Opposite this was a third doorway, the most elaborate and best
preserved on the site. It consisted of four limestone blocks and
associated paving slabs from the floors of both rooms. The larger
rectangular stones contain pairs of sockets which once held
upright timbers for door frames on either side of an internal
wall. The doorstep threshold was made up of two stones set at
right angles to the door frame stones; one of these has a small
square hole for a wooden peg doorstop. Arcing grooves in the
doorstep fossilise the wear and tear of the door (which was about
0.9m wide) opening and closing.
Life in the villa
Large numbers of finds illustrate the
lifestyle of those people living at Bucknowle from the elite
(that’s probably how they saw themselves) to the lower orders of
The large number of coins found (213) indicate that a
monetary economy was important and that many of the items found on
the site were purchased with coinage.
Enormous quantities of pottery were recorded;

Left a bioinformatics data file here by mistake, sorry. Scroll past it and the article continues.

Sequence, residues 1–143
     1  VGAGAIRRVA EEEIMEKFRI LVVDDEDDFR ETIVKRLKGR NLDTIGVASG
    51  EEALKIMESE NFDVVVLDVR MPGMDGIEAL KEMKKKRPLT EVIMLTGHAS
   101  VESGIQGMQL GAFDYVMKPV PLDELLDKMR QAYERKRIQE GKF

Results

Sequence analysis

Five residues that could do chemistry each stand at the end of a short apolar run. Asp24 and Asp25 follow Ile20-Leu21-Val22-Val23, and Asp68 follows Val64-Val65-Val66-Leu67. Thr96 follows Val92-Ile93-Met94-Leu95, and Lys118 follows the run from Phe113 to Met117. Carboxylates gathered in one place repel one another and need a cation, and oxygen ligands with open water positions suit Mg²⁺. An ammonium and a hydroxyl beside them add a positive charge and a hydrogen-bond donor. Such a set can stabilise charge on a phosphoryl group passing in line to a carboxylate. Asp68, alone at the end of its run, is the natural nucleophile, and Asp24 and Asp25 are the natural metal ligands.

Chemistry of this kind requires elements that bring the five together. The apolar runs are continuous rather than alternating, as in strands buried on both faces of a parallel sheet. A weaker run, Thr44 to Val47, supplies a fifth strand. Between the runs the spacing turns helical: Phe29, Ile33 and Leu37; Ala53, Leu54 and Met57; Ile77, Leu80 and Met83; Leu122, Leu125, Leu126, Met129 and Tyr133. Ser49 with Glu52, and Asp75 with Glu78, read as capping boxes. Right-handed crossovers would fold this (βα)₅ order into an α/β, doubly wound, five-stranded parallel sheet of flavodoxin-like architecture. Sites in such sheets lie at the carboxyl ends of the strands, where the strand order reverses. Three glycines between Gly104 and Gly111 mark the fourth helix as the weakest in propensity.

this was dominated by ‘Black Burnished Wares’ which were locally
made in the Wareham area at Bestwall, Redcliffe and Worgret. These
sturdy kitchenwares were the pots of choice for cooking, storing
and even serving foodstuffs. However, the inhabitants also
acquired expensive imported pottery from France, Germany and from
other regions of England. Wine came from Italy and Spain in
amphora and similar vessels contained olive oil and fish sauce.
Beautiful cups, bowls, jugs and bottles in glass were also used.
Iron knife blades and wooden spoons were recorded.
Cereals were ground by hand using large
quernstones and stone and pottery mortars were used for pulping
fruit and grinding herbs.
Items such as bone and metal hair pins,
bracelets, brooches, rings, tweezers, nail cleaners and mirrors
suggest that the villa’s occupants were as keen on looking good as
people are today. Metal fittings from long-decayed wooden boxes
together with keys hint that some precious items needed to be
The presence of loom weights and spindle walls
indicates that spinning yarns and weaving them into cloth took
place on the site. Bone needles show that some of these fabrics
were probably made into clothes. Waterlogged leather offcuts show
that shoes were being made on site. The working of shale into
items of furniture such as trays, table tops and legs appeared to